ze6ke (ze6ke) wrote,
ze6ke
ze6ke

Learning to Write

Of late, the biggest part of my life has been preparing for the GMAT. I think writing is particularly important, and there's an essay section on the GMAT. That has been my biggest area for of focus. I invested a real effort looking for good tools to help my essay writing. Apparently, this is not the primary focus of the rest of the world: nobody sells anything specificly targeted at the GMAT essay section. Peculiarly, the essays are graded, in part, by a computer program. The makers of this program also sell automated online writing coaches. I felt that that would be the right place to apply my energies.

Selecting the right coach turned out to be a bigger challenge than I had anticipated. From the outset, I was pretty sure that I didn't need the “Faith and Values” writing coach. I decided to go with the “College” writing coach before I realized that it hasn't yet been released. I broke down and asked for help. They recommended the “Professional” writing coach. I ran with it. They caught me off-guard when the first lesson was based on an essay justifying censorship in school; I had been pretty sure that I hadn't bought the “Faith and Values” coach. None the less, I plowed through the lesson and got to my first assignment.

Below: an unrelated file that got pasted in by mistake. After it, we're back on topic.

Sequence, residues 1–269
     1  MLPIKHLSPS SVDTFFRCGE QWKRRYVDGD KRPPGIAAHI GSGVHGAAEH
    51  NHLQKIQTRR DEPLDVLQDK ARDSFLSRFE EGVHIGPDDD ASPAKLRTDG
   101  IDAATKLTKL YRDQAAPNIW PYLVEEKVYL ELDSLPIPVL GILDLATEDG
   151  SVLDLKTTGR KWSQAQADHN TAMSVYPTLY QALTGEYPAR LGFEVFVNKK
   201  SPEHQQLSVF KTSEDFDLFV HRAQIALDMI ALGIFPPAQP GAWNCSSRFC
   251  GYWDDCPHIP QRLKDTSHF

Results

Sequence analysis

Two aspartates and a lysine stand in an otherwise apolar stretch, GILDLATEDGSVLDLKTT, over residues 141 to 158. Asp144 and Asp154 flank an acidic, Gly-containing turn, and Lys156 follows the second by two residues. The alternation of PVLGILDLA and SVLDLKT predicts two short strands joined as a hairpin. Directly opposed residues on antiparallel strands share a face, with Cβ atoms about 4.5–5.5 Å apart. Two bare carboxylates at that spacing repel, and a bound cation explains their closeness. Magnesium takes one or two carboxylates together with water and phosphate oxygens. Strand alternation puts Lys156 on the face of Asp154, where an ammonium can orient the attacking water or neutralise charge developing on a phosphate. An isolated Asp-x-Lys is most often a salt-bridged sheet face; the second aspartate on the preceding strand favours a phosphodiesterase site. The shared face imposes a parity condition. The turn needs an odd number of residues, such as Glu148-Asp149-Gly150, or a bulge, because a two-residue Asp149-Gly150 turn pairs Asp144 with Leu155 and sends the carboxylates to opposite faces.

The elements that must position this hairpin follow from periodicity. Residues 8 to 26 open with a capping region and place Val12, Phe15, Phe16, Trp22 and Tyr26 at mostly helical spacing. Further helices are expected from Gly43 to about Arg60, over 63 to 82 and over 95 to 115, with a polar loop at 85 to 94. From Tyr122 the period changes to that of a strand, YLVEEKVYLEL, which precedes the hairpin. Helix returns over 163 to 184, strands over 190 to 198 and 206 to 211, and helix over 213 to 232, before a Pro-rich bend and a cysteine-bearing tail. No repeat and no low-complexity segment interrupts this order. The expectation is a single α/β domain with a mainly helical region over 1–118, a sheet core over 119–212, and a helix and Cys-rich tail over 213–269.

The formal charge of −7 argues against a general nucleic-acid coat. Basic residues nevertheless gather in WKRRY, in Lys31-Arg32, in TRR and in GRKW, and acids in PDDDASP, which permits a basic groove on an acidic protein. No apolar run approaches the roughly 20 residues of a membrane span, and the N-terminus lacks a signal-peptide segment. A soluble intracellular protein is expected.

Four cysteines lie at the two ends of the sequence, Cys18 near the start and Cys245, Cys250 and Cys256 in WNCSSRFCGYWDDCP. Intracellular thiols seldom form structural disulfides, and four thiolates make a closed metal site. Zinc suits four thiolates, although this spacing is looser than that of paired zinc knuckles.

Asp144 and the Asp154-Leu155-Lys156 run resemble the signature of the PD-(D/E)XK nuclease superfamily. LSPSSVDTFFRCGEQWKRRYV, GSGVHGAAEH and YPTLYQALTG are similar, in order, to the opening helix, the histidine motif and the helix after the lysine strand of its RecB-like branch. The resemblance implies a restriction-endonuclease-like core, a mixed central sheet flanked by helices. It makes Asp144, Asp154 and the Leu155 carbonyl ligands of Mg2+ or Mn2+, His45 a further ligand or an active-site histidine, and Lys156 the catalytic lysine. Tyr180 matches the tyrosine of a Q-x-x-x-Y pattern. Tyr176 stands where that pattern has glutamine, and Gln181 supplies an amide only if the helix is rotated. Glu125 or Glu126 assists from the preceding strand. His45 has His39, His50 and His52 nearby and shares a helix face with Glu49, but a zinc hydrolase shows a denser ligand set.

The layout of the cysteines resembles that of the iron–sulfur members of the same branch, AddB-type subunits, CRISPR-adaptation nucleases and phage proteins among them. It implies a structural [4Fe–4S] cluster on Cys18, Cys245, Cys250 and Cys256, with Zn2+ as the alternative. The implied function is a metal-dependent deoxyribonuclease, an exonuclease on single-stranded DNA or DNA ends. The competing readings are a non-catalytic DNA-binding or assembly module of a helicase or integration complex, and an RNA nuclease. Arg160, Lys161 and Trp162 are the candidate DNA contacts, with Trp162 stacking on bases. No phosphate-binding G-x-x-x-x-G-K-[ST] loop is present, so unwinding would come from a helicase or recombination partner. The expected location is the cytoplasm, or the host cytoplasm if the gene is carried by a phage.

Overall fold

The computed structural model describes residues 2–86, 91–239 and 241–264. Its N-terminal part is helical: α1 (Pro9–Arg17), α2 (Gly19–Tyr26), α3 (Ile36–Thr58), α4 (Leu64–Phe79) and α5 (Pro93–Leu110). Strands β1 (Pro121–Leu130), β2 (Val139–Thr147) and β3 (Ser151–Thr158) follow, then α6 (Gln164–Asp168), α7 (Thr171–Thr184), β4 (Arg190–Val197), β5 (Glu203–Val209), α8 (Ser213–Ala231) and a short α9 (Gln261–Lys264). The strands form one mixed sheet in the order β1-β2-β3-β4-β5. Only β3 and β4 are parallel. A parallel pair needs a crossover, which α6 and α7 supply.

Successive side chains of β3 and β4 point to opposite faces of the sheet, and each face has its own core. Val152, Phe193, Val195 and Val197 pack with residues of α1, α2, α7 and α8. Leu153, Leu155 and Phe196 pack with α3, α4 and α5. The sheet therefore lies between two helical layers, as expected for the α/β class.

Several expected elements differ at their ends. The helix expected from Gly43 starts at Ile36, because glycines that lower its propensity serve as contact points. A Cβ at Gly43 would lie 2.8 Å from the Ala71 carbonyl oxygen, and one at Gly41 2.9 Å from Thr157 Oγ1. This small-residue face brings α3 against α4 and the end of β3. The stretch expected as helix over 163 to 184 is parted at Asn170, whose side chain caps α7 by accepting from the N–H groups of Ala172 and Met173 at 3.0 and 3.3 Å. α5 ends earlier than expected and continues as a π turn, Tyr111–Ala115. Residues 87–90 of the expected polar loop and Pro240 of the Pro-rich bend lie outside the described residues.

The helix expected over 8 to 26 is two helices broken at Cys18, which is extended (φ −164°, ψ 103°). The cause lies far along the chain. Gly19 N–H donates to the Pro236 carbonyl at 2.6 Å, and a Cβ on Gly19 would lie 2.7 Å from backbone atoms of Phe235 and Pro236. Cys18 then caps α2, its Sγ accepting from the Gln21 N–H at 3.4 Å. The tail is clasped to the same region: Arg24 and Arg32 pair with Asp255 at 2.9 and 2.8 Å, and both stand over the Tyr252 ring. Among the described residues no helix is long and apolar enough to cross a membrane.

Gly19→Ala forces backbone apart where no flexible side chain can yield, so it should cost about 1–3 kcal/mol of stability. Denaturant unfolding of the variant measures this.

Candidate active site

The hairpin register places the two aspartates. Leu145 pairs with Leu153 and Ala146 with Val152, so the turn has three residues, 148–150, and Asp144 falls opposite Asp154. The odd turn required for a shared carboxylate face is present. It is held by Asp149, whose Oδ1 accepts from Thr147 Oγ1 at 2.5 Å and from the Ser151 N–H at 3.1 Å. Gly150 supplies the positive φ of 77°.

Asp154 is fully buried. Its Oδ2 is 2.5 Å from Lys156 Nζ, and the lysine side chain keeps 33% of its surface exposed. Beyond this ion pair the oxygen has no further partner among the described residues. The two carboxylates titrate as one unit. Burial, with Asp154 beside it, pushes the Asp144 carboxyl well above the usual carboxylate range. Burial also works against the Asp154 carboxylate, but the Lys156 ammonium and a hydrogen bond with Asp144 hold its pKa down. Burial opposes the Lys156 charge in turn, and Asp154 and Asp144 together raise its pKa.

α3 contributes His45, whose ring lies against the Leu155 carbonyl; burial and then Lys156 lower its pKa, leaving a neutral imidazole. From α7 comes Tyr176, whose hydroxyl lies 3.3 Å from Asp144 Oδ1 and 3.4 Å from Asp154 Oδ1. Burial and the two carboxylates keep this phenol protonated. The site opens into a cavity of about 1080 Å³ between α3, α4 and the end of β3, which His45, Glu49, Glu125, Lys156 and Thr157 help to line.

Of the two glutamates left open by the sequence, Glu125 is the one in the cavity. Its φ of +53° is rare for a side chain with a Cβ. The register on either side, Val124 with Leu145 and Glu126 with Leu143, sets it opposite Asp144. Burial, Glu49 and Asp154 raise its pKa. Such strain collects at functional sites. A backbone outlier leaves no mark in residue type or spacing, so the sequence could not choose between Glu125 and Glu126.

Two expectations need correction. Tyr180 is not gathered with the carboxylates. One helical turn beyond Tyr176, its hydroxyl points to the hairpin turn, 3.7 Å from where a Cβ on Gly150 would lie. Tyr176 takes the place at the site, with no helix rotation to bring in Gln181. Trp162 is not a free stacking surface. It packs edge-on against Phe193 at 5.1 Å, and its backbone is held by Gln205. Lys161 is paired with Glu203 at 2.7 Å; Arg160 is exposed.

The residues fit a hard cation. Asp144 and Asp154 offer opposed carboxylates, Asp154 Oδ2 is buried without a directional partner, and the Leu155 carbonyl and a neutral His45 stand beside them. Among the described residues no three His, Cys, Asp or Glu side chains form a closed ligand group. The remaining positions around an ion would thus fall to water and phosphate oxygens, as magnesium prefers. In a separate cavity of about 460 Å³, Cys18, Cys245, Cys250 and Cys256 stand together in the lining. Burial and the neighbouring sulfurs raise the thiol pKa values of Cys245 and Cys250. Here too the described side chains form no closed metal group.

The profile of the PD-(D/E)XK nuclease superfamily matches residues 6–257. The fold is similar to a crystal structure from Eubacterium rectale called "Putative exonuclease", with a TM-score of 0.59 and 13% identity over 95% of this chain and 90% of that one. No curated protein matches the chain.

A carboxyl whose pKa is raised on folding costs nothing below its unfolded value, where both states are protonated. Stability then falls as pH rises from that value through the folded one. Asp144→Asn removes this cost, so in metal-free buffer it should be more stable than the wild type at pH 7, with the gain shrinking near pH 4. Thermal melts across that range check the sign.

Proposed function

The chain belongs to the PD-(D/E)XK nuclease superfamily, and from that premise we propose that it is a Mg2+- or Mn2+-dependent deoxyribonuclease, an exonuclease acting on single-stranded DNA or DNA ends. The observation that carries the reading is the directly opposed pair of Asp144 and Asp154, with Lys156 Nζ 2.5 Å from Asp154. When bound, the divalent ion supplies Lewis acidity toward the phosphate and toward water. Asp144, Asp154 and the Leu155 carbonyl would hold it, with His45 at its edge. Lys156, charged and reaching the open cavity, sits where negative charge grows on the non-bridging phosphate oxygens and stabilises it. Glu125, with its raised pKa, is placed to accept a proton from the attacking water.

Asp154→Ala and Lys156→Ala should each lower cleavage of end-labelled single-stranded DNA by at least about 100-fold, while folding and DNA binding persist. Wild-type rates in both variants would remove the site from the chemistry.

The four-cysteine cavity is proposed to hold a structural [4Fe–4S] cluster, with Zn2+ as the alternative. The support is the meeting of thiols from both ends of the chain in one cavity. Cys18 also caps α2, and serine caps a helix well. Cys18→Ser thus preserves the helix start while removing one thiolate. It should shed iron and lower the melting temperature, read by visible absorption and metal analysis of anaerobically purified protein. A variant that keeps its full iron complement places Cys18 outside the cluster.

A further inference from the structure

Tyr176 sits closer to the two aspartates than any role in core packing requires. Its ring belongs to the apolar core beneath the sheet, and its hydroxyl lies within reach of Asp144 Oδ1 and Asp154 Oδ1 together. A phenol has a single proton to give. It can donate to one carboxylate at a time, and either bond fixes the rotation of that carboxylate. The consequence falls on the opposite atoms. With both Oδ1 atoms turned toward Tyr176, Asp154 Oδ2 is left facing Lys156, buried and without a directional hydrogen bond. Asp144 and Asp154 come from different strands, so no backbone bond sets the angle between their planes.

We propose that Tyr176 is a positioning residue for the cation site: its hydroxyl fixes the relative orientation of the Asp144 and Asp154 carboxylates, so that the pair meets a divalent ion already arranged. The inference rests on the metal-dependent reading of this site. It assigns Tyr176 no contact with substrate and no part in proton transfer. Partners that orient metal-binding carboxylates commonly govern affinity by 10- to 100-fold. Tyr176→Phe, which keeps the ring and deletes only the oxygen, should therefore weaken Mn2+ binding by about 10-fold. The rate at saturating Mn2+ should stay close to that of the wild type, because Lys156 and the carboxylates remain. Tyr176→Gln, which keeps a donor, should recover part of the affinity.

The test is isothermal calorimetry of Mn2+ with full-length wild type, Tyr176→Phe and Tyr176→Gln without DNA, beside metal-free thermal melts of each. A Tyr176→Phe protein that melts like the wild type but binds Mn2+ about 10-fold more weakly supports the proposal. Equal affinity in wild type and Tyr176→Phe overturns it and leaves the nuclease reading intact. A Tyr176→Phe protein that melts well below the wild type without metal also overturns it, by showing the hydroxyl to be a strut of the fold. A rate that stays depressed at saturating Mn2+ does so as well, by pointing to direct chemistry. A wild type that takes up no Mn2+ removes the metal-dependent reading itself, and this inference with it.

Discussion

I like my writing: I enjoy reading my casual writing and I feel that my more formal writing is very effective. The computer does not like my writing. Ironically, the more I like the writing, the less the computer does. Fortunately, I get feedback. Why didn't it like my writing? Good argumentative writing can easily be identified because it has a thesis, three supporting arguments, two points to back up each argument, and 1 SAT word per paragraph. I didn't know that. I had thought that good argumentative writing just had to persuade a reader to some idea.

Though I find the lessons disagreeable, as long as I only have to use the skills they teach on one exam, I can handle them.
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